The most appropriate nutritional therapy for weight loss should be safe, effective, and most importantly, one to which the patient can adhere for the long-term. The adult obesity algorithm does not recommend any one specific nutritional approach, presenting instead, the benefits and risks of the most common programs. With demonstrated effect, the algorithm also accounts for the importance of exercise and movement, cautioning that for patients who have been sedentary, a medical evaluation would be advisable before they initiate any physical activity effort.1

Despite Clinical Urgency, Patient Must be a Willing Participant 

As most are well aware, before approaching a patient regarding their weight status, it is essential to establish the patent’s readiness to changem in order for a comprehensive program to be most effective.  Motivational interviewing is described as an approach to ‘move the patient from indifference toward positive or healthy changes. As such, an expansive section is devoted to the role and application of motivational interviewing in fostering effective weight management.3,4

This section describes the stages of motivational interviewing, and reviews principles and techniques for clinicians to incorporate into their care approach with common patient scenarios. In addition, there is also a section on Behavioral Changes and Eating Disorders to better help clinicians engage patients to identify and address potential barriers to effective and successful long-term weight management. There is also a section on technological advances (ie, devices, procedures) in weight management.

Another useful section focuses on the role of emerging diagnostic tests. To best address the overall medical wellness of the patient, giving due consideration to impact of comorbid disorders—such as cardiovascular disease, neuropathy, retinopathy, osteoporosis—and the adverse impact that many medications may have on body weight.

As all chronic diseases require co-management, patients need to appreciate the full picture of their individual condition in order to accept their clinical team’s recommendations. In addition, when approaching the issues of obesity medicine in your clinical practice, you are also educators—to your staff and in the community, so this document will provide important resources to aid you in this role, Dr. Bays said.

Facing Clinical Inertia— First Step to Supporting Effective Weight Control 

When asked about clinical barriers to care when considering patients with obesity, Dr. Gonzalez-Campoy pointed to clinical inertia as the overriding challenge for practitioners.

“Acting to implement obesity treatment is still not the norm,” he said, adding that clinicians are “adept at treating all of the complications of obesity such as diabetes, hypertension, sleep apnea, cardiovascular disease, but not obesity itself,” he said. And, patients are failed hurdle given that there are still clinicians who entertain the “outdated but still prevalent attitude that pharmacotherapy should not be used to treat obesity.”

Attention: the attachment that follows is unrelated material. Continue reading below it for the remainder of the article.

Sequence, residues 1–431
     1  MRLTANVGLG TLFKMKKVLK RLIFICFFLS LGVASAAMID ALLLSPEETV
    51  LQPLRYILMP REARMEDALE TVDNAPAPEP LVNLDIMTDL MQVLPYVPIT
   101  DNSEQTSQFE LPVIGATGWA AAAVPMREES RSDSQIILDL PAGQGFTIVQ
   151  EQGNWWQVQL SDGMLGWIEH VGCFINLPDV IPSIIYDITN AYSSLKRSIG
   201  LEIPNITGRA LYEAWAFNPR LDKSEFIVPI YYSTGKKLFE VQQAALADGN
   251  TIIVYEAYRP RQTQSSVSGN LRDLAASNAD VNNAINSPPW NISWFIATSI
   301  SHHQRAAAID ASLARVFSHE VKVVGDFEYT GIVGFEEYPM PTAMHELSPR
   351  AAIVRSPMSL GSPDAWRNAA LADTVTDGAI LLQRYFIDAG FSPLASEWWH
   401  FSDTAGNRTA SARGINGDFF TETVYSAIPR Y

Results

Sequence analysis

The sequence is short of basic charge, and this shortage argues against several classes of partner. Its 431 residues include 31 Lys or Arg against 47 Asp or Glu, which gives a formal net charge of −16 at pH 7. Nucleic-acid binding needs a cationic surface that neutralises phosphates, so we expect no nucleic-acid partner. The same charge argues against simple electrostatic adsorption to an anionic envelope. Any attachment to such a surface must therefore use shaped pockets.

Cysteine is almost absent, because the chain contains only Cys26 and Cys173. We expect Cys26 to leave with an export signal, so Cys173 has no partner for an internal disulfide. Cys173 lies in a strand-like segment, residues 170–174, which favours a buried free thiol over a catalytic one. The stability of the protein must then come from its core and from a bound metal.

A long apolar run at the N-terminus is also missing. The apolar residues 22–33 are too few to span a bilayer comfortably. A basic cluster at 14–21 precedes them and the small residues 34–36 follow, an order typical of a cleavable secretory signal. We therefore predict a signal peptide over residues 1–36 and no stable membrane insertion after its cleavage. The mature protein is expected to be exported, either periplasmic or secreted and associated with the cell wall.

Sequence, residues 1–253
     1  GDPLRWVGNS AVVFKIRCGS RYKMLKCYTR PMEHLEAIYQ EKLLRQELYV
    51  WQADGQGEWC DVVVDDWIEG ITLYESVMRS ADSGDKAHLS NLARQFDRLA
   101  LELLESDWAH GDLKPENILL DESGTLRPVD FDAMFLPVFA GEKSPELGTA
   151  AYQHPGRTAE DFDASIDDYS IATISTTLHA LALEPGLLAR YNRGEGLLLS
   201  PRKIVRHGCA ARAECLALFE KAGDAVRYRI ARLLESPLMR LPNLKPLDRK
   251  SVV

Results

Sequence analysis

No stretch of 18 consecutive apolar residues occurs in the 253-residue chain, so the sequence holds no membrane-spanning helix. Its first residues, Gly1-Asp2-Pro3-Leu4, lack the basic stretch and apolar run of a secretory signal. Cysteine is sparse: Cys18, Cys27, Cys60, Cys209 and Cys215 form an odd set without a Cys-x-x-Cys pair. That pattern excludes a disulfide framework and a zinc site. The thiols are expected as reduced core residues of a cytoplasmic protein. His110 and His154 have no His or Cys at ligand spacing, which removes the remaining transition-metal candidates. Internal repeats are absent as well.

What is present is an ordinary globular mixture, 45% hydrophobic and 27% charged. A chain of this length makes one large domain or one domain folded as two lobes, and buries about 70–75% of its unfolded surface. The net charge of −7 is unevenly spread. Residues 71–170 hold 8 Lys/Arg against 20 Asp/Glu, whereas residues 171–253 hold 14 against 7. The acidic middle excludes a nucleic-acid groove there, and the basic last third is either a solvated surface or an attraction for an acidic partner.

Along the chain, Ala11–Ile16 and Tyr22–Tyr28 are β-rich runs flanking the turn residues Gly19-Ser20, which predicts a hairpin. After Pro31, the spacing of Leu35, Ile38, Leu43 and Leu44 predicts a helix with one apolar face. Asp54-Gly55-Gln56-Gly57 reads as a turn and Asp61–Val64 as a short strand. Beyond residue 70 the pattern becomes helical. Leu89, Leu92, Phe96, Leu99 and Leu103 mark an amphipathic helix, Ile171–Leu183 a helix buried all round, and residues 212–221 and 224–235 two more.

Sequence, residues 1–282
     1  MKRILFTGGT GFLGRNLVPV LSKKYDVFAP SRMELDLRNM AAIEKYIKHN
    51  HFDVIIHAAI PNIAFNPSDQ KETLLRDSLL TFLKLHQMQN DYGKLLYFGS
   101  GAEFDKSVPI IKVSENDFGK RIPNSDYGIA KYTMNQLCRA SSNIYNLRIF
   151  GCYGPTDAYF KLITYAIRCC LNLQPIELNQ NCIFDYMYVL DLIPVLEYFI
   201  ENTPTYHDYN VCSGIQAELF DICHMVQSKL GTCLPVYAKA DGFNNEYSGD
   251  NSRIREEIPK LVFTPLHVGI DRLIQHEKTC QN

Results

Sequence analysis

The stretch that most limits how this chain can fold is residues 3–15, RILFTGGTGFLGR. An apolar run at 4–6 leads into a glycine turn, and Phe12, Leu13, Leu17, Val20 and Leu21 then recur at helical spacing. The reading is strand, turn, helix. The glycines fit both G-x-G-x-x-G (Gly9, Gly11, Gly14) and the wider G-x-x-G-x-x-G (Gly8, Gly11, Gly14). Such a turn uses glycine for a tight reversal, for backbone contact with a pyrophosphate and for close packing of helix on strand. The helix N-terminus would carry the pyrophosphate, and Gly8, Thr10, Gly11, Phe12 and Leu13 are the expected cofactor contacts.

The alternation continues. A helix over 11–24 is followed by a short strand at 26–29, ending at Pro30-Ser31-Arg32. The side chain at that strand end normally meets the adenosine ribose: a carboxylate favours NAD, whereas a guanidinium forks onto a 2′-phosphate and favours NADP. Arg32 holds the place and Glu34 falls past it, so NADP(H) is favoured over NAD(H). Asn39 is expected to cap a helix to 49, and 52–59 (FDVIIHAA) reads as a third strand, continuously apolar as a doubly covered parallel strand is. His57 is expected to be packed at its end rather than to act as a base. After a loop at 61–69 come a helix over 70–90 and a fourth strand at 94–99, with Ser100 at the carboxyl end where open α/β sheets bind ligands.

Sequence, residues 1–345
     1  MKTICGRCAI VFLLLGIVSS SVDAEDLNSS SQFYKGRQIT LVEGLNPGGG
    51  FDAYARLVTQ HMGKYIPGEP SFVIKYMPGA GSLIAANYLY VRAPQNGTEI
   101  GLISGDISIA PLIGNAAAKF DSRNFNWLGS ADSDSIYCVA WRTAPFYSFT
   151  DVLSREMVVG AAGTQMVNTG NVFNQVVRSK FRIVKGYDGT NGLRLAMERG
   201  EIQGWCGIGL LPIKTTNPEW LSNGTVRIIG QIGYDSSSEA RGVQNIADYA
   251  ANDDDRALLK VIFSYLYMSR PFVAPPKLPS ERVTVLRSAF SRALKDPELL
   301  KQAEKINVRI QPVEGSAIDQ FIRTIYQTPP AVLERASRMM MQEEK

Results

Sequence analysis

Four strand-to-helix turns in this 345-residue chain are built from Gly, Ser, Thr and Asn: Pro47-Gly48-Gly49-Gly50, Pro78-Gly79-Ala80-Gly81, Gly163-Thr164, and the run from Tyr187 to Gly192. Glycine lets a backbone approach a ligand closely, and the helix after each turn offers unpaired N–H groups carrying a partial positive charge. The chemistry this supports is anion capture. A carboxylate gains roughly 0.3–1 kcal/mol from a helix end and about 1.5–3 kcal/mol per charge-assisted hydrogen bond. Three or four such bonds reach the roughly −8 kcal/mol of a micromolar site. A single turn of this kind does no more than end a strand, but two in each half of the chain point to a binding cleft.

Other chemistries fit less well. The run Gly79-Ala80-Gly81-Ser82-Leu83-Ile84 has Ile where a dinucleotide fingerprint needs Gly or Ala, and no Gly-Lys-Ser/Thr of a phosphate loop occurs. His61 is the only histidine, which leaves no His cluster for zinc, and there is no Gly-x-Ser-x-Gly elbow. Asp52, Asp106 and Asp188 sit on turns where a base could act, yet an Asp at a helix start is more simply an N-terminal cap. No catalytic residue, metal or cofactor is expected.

However, Dr. Gonzalez-Campoy added: “these guidelines, along with the recent American Academy of Clinical Endocrinologists and Endocrine Society Guidelines,5 make it the standard of care to use pharmacotherapy to treat this chronic disease of overweight, obesity, and adiposopathy,”

Dr. Bays compared the current state of knowledge of obesity with the initial states of knowledge about other metabolic disorders, such as diabetes, hypertension, and hyperlipidemia – “we started out with only a few pharmacotherapies for each of those diseases, but as understanding and knowledge grew with continued research,” we now have substantial armamentaria and can personalize treatment.

The AOA provides information about all of the currently approved anti-obesity drugs, including their indications, contraindications, warnings, adverse effects, and other important considerations for clinicians to know before prescribing them. While the OMA does not endorse functional foods, nutritional supplements or over-the-counter therapies, the authors emphasized the importance of having a familiarity with products that patients may be using, with false expectations.

Dr. Gonzalez-Campoy emphasized that “not treating overweight, obesity and adiposopathy is tantamount to malpractice in 2019 – there is no excuse to ignore them, and to treat only their complications (diabetes, hypertension dyslipidemia, etc).”

“Clinicians need one place to go to start addressing the diagnosis and management of obesity,” said Dr. Bays, “the AOA is that resource—it aims to empower clinicians to provide optimized care for their patients.”